On December 2, 2014, Adler met with Ripley, Robb, and Macrina to discuss his INDs. (See VCU Ex. 17; VCU Ex. 33, at 3.) The parties agreed that Adler could transfer his INDs to third parties, but that VCU would need documentation. (VCU Ex. 33, at 3.) By letter to Macrina dated December 15, 2014, Adler outlined his plan for his INDs. (VCU Ex. 17.) First, he planned to transfer the sponsorship on two of his INDs: IND 1181 to CMV Research Foundation, and IND 16166 to Trellis Inc. (Id.) Transferring the sponsorship of the INDs would move them outside the purview of the IND/IDE Policy. Next, for IND 13411, Adler asked to remain the sponsor-investigator, but asked for an exemption from compliance with the IND/IDE Policy. (Id.) Adler did not mention his new IND, IND 125064.

         Ripley responded by letter dated December 19, 2014. (VCU Ex. 18.) For the transfers, she asked for specific documentation. (Id.) She also reminded Adler that he needed to update his Financial Interest Report if he had a role (such as board member) in either of the transferee entities, and that he needed to report any outside professional activities if he acted in any capacity beyond investigator. (Id.) For IND 13411, Ripley said that Adler did not need to send current documents, but warned Adler that she would audit all faculty-held INDs, including Adler's, in the first six months of 2015. (Id.) She asked for all the requested information by January 23, 2015. (Id.) Adler did not provide all the information.

         In March 2015, Adler submitted to VCU a request to begin a new study. (See VCU Ex. 20.) On March 24, 2015, Tricia Zeh, Executive Director for Research Administration, emailed Adler to tell him that VCU needed Adler to correct certain deficiencies before VCU would approve the new study. (VCU Ex. 20.) Among other items, Zeh noted that Adler would need to comply with the IND/IDE Policy because he would serve as the sponsor-investigator, and would need to work with Ripley in regards to the IND. (Id.) On March 31, 2015, Zeh reiterated that VCU could not approve the new study until Adler complied with the IND/IDE Policy for his existing INDs. (VCU Ex. 21.) This email noted a May 2015 deadline for providing the required information on his existing INDs. (Id.) Another email on April 2, 2015, reiterated the need to comply with the IND/IDE Policy before VCU could approve the new study. (VCU Ex. 22.)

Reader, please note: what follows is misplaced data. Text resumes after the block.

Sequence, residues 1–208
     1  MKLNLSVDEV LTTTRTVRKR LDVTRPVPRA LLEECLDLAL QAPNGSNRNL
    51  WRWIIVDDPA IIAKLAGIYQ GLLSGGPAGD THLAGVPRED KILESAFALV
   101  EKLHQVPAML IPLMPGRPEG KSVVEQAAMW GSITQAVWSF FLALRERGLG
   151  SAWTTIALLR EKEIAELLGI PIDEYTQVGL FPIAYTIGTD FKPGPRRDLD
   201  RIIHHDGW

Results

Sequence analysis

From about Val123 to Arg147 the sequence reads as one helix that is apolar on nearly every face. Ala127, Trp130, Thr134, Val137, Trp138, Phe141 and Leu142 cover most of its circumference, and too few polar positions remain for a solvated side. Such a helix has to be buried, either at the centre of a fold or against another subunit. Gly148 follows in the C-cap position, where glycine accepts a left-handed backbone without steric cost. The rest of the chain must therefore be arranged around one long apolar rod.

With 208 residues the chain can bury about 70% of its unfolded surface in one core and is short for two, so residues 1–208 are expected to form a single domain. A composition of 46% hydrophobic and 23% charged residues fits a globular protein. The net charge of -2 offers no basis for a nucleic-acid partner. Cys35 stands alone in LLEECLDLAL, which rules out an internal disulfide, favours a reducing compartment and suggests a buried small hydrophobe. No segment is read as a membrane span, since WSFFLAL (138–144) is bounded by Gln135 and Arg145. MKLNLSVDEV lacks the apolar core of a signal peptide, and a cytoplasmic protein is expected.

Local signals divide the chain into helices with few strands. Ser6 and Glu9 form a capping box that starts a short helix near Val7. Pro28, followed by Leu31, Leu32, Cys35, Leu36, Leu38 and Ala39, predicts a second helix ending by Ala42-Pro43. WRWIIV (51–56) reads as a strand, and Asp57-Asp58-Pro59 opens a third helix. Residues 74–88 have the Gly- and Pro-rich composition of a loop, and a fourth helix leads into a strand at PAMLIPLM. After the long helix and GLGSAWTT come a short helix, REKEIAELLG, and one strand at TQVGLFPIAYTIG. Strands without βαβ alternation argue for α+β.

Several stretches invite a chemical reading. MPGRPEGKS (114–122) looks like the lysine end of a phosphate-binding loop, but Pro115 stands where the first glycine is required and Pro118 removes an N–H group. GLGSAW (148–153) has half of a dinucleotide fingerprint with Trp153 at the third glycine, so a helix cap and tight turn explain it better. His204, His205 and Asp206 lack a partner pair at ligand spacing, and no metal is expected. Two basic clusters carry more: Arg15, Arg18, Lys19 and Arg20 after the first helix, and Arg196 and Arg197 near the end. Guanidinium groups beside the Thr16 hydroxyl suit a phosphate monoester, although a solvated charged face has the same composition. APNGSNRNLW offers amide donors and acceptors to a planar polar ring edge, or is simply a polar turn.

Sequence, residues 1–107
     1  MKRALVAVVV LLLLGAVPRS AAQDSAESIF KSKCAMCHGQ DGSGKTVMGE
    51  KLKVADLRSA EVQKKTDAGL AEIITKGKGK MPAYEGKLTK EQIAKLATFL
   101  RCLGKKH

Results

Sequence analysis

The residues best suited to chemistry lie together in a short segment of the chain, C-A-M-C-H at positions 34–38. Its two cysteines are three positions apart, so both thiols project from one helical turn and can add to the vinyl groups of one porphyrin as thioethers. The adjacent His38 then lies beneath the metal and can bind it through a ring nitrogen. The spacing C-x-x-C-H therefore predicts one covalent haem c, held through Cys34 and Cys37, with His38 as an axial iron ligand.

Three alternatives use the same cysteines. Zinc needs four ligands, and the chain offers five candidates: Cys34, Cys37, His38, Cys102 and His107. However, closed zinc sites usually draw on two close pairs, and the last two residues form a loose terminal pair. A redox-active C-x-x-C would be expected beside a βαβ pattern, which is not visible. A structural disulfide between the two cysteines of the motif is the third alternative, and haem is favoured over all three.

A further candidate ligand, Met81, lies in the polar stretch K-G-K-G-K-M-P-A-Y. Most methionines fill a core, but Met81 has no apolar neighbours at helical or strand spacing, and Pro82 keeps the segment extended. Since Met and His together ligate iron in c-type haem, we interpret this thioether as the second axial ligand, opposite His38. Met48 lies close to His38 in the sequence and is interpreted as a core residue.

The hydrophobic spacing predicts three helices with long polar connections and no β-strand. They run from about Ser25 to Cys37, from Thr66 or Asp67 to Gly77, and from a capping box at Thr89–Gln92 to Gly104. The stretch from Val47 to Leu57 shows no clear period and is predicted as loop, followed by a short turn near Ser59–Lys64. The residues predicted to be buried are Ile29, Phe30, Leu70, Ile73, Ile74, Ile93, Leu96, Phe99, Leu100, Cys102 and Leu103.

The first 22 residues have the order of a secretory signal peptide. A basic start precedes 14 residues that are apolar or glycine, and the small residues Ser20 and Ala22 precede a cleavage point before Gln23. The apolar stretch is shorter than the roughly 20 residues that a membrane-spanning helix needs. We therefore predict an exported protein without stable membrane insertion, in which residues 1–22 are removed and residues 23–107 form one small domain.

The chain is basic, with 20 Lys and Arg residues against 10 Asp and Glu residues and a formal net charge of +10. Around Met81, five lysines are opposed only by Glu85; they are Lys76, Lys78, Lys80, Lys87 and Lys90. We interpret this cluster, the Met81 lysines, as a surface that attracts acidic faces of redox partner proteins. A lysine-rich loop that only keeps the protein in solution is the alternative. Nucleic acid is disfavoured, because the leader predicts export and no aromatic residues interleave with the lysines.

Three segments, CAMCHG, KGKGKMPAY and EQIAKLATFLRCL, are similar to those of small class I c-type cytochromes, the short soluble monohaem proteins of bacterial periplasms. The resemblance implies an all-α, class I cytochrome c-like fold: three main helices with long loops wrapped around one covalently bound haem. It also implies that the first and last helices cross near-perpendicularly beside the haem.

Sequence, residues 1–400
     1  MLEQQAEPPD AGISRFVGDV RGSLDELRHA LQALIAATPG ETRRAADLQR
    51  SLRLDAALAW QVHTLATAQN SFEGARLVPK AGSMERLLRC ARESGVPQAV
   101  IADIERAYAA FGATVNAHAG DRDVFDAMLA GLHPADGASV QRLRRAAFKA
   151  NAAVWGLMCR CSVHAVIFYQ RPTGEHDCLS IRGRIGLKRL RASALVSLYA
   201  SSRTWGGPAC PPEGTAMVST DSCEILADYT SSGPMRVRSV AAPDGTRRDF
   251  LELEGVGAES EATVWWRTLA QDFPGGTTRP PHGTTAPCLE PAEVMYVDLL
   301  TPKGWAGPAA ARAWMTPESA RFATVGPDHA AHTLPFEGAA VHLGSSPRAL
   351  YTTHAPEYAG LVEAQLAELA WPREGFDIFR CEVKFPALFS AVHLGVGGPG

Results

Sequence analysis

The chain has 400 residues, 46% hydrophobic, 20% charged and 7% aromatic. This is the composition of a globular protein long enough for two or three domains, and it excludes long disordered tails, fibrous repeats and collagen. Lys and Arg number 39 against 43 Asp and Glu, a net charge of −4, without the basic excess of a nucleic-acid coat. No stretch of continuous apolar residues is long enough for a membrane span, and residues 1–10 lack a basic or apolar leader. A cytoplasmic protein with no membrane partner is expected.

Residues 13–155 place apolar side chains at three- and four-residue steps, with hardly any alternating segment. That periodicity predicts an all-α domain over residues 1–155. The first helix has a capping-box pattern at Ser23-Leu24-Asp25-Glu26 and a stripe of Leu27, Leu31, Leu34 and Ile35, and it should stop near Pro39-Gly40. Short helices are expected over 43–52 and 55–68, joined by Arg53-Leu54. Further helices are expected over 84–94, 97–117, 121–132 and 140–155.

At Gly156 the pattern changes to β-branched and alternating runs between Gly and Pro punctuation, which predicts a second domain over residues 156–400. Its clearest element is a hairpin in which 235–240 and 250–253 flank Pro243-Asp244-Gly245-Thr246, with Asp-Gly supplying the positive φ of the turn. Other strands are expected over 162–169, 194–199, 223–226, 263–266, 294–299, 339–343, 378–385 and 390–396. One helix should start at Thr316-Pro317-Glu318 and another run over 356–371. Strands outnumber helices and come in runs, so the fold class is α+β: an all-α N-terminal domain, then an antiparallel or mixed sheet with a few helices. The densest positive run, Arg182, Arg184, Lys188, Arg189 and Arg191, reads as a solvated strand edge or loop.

Adler emailed Ripley on April 3, 2015, about his existing INDs. (VCU Ex. 23.) Ripley responded later that day saying that she was "glad to work with" Adler to bring the INDs into compliance. (VCU Ex. 24.) She again noted what needed to happen for each IND. (Id.)

         At some point after this communication, Ripley focused on the Adler-formed CMV Research Foundation, to which Adler planned to transfer some of his INDs. (VCU Ex. 28.) On April 28, 2015, she emailed him a list of items that needed clarification, including his role with the foundation. She also reminded him to update his Financial Interest Report within thirty days of acquiring a new interest. (VCU Ex. 29.) Adler responded later that day and sent more information later that week. (VCU Ex. 30; VCU Ex. 31.)

         C. ...